When most of us hear the phrase “blown head gasket” we see dollar signs flash before our eyes. If you haven’t experienced it with one of your vehicles, you’ve probably had a friend with an older car get the report that they have a blown head gasket and a repair bill that makes you want to go get a second job or start riding a bike. But why is a blown head gasket so expensive to repair? In this article, we’ll talk through the process of replacing a head gasket and try to understand why it is such an expensive repair.
Why Is a Blown Head Gasket So Expensive to Repair?
A blown head gasket is near the top of the list of most expensive car repairs and can be estimated anywhere between $1300 and $1800 according to Repair Pal. This is, of course, a very broad estimate based on the average for many different vehicles so your costs may be even higher depending on the kind of vehicle you drive. The actual parts for a head gasket job can be as little as 10% of the total cost of the job, so the majority of the cost to replace a blown head gasket is in the labor.
How To Replace A Head Gasket (a.k.a. Labor Costs)
The high labor costs have most to do with the location of the head gasket. Your head gasket, or gaskets, sit just about in the middle of your engine so getting to them is no easy task. And require removing a lot of peripheral equipment like the alternator and power steering pump, along with the intake and exhaust manifold. Besides being time consuming, there’s a good chance that some of the bolts or nuts holding this equipment on will be frozen or rusted making removal difficult. Lastly, there are often lots of sensors and wiring around the manifolds and accessories that need to be removed and reinstalled correctly adding to the complication of the job.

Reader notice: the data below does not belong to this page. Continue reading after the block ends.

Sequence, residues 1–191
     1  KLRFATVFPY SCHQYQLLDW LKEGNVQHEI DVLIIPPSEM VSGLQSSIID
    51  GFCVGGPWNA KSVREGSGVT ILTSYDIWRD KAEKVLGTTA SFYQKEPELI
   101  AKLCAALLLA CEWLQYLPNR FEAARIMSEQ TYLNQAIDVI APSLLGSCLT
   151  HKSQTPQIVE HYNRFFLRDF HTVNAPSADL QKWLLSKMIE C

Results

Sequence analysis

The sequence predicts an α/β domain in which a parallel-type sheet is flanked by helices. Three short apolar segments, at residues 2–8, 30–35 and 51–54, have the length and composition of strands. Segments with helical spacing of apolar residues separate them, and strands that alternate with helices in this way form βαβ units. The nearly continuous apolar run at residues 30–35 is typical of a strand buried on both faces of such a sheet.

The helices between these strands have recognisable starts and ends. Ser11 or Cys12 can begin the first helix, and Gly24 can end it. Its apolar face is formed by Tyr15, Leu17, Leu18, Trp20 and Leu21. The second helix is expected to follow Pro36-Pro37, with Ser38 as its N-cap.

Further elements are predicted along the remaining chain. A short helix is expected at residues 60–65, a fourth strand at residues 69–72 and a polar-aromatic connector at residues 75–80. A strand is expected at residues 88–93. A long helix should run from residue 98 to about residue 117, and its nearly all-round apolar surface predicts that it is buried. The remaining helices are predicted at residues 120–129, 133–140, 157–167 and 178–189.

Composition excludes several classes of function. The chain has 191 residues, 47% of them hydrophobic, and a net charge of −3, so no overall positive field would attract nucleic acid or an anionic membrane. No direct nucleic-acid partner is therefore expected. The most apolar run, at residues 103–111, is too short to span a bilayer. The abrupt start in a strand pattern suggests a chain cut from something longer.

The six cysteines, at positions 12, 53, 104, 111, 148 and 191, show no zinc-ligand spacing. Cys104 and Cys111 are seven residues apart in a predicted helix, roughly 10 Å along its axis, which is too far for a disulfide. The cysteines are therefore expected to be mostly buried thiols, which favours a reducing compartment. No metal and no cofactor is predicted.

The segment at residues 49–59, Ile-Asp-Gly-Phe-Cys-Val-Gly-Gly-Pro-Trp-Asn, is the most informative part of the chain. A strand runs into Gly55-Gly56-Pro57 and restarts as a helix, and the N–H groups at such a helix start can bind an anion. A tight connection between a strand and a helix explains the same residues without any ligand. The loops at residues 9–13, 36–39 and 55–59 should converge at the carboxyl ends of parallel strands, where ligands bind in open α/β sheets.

Once you’ve removed all the accessories, wiring and hoses, removing the head itself is complicated and requires a good understanding of the engine to remove and replace properly. Whether you’ve got an overhead cam style engine or a pushrod style engine the timing needs to be set before and after head removal to make sure there isn’t any damage to the valves or pistons and to help everything run smoothly upon reassembly. With the head removed it’s important to properly inspect the head and block deck to make sure there is no damage to either of those otherwise installing a new head gasket won’t actually seal your leak. These complications add to both the amount of time required to do the job as well as the skill of the mechanic needed to do them which also contributes to the high cost to repair a blown head gasket.
Lastly, when you disassemble that much of an engine, there often are some other parts that are worth replacing while you have the engine taken that far apart. Things like the thermostat, water pumps, timing belts, engine coolant, engine oil, and other gaskets like the intake manifold and exhaust manifold gaskets are all options to be replaced during a head gasket repair. Deciding to add these replacement items is often smart as they can save you from future repairs and costs, but can significantly increase your blown head gasket repair cost.